On Thursday, the New York Times ran a piece on General Motors' plans to build a new subcompact car in the United Sates with union labor. Deep into the story, the reporters (Bill Vlasik and Nick Bunkley) cited the following figures on auto workers' salaries: "Where the average G.M. worker earned over $70 an hour in wages and benefits before bankruptcy, the figure is now about $57, according to a study the Center for Automotive Research in Ann Arbor, Mich.," they wrote.
Indispensable economist Dean Baker, who writes a blog critiquing media outlets for their mistakes on economics, takes issue with the numbers. He writes:
Our old friend arithmetic can show the problem. We know that the average UAW worker gets roughly $28 an hour in pay. (This is on the old pay scale, many new workers get as little as $14 an hour.) This leaves us with at least $42 an hour going to health insurance, pensions, and other benefits. With a 2000 hour work year this would imply $84,000 a year going to these benefits.
UAW workers do get good health care benefits, but does the average benefit exceed $20,000 a year? That seems pretty unlikely. The pensions are also comparatively generous, but it is a safe bet that GM is not contributing more than $25,000 a year to their workers' pensions on average.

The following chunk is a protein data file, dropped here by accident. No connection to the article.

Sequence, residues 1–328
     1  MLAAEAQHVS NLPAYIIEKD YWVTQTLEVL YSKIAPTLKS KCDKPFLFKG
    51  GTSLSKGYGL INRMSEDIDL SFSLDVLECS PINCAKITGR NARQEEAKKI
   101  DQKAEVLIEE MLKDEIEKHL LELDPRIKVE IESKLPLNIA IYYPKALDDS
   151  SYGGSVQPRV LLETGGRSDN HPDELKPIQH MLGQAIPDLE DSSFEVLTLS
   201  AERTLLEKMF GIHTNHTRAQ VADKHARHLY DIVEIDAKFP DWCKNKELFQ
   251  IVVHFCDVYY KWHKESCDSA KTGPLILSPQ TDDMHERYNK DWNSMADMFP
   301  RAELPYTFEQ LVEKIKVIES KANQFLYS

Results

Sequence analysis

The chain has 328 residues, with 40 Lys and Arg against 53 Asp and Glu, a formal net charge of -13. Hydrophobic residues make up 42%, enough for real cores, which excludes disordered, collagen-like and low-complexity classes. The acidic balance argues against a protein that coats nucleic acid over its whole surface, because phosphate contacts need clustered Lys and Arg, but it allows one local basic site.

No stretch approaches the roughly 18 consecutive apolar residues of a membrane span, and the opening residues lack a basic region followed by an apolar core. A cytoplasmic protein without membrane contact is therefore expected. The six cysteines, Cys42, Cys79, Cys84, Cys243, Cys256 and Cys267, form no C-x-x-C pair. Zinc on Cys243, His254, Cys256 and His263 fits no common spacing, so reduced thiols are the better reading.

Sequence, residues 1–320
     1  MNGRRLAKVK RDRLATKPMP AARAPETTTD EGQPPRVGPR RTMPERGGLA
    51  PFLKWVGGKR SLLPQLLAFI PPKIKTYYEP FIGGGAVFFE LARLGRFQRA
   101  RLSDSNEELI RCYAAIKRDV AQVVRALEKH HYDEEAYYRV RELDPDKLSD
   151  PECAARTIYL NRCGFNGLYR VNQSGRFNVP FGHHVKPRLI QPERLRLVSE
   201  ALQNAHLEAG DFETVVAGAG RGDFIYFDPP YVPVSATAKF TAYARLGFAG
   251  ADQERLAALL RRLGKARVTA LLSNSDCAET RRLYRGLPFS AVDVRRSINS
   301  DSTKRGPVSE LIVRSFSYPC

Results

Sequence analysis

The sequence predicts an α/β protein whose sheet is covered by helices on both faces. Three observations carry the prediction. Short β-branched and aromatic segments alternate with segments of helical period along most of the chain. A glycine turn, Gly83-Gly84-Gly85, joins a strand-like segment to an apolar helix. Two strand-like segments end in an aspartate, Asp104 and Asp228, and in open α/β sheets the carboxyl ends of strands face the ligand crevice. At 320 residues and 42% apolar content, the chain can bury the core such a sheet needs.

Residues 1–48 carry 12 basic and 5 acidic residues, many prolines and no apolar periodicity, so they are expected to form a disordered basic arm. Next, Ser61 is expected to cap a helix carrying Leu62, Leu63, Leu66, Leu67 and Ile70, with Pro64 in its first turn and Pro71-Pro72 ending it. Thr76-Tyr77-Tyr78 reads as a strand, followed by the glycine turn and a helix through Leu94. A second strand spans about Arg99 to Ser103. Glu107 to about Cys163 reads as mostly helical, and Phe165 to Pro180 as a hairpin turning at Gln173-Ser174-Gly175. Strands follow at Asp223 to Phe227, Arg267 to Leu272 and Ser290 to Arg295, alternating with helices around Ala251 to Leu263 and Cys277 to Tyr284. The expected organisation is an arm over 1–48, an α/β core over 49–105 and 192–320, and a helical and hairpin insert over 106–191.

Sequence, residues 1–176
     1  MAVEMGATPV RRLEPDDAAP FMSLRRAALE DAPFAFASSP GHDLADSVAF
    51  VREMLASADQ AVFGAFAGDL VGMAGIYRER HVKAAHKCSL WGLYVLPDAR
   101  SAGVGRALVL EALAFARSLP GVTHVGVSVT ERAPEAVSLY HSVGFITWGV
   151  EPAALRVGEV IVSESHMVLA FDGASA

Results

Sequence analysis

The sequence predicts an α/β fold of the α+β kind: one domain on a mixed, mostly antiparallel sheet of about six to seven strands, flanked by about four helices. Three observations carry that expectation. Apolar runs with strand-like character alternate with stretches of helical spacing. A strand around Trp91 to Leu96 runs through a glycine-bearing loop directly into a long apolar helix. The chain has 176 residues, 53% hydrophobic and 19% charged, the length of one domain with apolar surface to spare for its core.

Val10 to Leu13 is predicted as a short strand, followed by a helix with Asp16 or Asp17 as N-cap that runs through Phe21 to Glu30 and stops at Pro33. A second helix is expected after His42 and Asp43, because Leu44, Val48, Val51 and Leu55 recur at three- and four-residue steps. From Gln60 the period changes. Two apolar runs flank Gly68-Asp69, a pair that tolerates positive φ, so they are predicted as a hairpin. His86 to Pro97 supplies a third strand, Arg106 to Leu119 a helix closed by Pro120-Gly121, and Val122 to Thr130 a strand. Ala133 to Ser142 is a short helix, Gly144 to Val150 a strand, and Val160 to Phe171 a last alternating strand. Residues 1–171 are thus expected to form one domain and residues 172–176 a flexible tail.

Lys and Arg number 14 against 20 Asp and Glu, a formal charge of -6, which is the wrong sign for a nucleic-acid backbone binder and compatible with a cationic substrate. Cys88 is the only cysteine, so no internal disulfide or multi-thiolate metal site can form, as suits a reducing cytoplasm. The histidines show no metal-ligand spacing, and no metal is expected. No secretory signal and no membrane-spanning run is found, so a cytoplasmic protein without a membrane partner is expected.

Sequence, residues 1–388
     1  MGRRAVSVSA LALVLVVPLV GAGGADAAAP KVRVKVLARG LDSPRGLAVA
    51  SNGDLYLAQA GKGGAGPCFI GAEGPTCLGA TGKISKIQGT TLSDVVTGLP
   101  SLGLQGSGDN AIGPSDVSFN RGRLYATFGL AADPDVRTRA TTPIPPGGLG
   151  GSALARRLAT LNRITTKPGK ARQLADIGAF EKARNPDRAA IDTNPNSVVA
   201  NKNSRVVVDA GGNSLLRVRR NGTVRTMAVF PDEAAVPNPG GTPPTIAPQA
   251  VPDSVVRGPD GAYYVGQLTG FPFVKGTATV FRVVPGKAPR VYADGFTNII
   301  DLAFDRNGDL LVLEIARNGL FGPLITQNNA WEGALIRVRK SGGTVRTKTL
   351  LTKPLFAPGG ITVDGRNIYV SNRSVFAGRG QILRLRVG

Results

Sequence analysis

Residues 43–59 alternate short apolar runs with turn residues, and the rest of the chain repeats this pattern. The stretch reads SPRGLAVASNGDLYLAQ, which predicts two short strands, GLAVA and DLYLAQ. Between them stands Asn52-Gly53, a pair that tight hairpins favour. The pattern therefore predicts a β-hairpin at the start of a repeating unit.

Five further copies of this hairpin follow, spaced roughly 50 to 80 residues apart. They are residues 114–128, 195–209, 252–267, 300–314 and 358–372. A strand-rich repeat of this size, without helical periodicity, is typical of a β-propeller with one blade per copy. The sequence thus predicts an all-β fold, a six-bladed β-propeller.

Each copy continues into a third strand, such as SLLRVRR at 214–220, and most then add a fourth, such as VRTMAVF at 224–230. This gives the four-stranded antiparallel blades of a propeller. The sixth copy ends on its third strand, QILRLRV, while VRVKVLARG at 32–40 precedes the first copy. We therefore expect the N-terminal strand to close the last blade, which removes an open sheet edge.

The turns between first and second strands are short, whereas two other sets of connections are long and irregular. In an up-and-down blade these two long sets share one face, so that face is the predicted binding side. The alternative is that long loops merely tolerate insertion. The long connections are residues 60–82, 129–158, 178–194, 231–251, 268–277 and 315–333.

The way that the industry got their $70 plus an hour figure was by including the cost of payments for retirees (e.g. health care benefits for already retired workers) and averaging them over their current workforce. This may be useful for the companies accounting, but it has nothing to do with what current workers actually receive in wages and benefits.
And lest you think I'm giving undue weight to Baker's point, note that CBS ran a similar story two years ago, debunking the $70-per-hour figure and also arriving at $28.
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